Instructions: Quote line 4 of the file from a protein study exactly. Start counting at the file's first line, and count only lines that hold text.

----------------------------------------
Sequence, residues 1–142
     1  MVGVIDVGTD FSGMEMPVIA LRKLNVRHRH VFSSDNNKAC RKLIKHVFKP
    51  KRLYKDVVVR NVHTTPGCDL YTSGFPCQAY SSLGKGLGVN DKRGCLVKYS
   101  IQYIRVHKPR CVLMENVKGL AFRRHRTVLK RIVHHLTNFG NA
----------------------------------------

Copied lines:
   101  IQYIRVHKPR CVLMENVKGL AFRRHRTVLK RIVHHLTNFG NA